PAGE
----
The first set is defined based on a basic premise of transform coding--the energy compaction property of transform coefficients. This property provides that a large amount of energy is concentrated in a small fraction of the transform coefficients, and only these coefficients need to be kept for coding the image. The set of images which can be represented using a selected group of transform coefficients constitute the first set and will be referred to as the transform coefficients set (TCS). This set is convex for all linear and some non-linear transformations. The projection of an arbitrarily shaped image block onto this set can be determined by computing the block transform and selecting and retaining high energy coefficients. The remaining, non-selected coefficients are zeroed (region-zeroing in the frequency domain).
The second set is derived form the fact that the values of the pels outside of the arbitrary shaped region are irrelevant to coding. Thus, the second set becomes the set of images whose pel values within the arbitrarily shaped region are specified by the image to be coded. This set is referred to as the region of support set (RSS). This set is convex. The projection of an arbitrarily shaped region onto this set can be obtained by replacing those pel values corresponding to the image's interior pels with the original pel values (region-enforcing in the space domain). This theory provides the basis for the present invention.
The present invention basically comprises two parts. FIG. 1 depicts the first part which involves generating and preparing the data to be coded. In this step, a rectangular region block is circumscribed around an arbitrarily shaped image 2. This defines an original internal pel set 3 which lies within arbitrarily shaped image 2 and within region block 1, and an original external pel set 4 which lies outside arbitrarily shaped image 2 and within region block 1.
To initialize the pel values of external pel set 4, an extrapolator 5 extrapolates the pel values of internal pel set 3. Examples of extrapolation methods include mirroring or pel repetition of the segments of internal pel set 3. Once external pel set 4 is initialized, the image data can be manipulated in the second part.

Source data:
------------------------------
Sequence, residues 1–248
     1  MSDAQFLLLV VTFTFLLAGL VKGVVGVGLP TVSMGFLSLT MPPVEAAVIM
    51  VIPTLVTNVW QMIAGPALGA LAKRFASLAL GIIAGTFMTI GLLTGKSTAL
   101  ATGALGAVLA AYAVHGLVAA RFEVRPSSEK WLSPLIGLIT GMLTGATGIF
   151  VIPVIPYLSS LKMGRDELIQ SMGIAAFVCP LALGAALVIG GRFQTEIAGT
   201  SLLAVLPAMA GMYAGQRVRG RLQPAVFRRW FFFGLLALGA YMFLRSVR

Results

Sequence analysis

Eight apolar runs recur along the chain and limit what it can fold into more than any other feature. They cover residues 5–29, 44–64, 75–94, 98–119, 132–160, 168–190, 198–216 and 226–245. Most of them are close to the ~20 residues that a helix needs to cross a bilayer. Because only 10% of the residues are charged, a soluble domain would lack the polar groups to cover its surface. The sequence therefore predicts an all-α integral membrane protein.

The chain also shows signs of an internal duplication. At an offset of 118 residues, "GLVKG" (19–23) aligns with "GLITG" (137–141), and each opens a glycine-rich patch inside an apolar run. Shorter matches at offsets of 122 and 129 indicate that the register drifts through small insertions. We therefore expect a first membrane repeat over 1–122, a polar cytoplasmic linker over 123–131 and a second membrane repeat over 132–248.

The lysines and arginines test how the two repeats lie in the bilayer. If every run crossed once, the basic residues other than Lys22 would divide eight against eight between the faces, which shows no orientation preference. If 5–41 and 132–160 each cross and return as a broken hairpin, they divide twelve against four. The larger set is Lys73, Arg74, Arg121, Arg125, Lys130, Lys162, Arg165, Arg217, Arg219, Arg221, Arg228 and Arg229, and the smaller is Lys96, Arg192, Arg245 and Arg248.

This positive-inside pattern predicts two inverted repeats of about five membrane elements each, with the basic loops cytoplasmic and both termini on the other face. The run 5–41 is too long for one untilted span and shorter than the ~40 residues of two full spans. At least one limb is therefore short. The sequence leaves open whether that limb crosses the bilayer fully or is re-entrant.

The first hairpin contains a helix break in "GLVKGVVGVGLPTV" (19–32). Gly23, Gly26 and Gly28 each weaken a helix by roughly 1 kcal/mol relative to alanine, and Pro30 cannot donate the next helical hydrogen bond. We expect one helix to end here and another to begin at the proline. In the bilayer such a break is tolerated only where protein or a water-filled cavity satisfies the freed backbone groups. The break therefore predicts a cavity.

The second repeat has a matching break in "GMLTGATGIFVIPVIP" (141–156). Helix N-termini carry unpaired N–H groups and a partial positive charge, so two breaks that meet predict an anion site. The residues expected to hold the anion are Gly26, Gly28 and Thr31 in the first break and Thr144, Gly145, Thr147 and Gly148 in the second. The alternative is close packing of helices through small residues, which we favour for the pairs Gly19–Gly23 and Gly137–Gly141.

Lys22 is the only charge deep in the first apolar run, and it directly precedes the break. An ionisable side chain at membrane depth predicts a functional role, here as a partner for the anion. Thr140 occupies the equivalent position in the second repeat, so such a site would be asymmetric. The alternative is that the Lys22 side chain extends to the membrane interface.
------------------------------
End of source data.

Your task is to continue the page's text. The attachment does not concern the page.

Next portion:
The second part involves a transform coder unit (TCU) 6 performing a POCS iteration loop on the image data. TCU 6 is shown in FIG. 2. TCU 6 comprises a forward transform 7, which operates at real-time and transforms the image from the image domain 30 to the transform domain 31.
Next, a TCS generator 8 generates a transform coefficient set (TCS) from the transform coefficients. This can be accomplished in a couple of ways. First, TCS generator 8 may contain a quantizer which generates the TCS by quantizing the transform coefficients. There is no convergence guarantee, however, under this alternative. A more preferred embodiment utilizes the energy compaction property of transform coefficients. This property holds that a large amount of energy is concentrated in a small fraction of the transform coefficients. Therefore, TCS generator 8 need only select and retain these coefficients for coding the image. The remaining transform coefficients can be zeroed.
If the energy compaction property is used to generate the TCS, then the number of coefficients to retain should be established. This may accomplished-via a rate controller 12. Rate controller 12 can establish the threshold energy level at which to retain coefficients based on the size of the arbitrarily shaped image, and the bit budget of the encoder which will eventually code the transform coefficients. Alternatively, the number of transform coefficients to retain can be established independently via a TCS limiter 13 at the beginning of each iteration. A combination of both these mechanisms could be used as well.
TCS generator 8 outputs the TCS from the TCU if the TCS represents the optimal transform coefficients (OTC). Otherwise, TCS generator 8 sends the TCS to an inverse transform 9. Inverse transform 9 converts the TCS from transform domain 31 to image domain 30, thereby producing a computed regional block having computed pel values.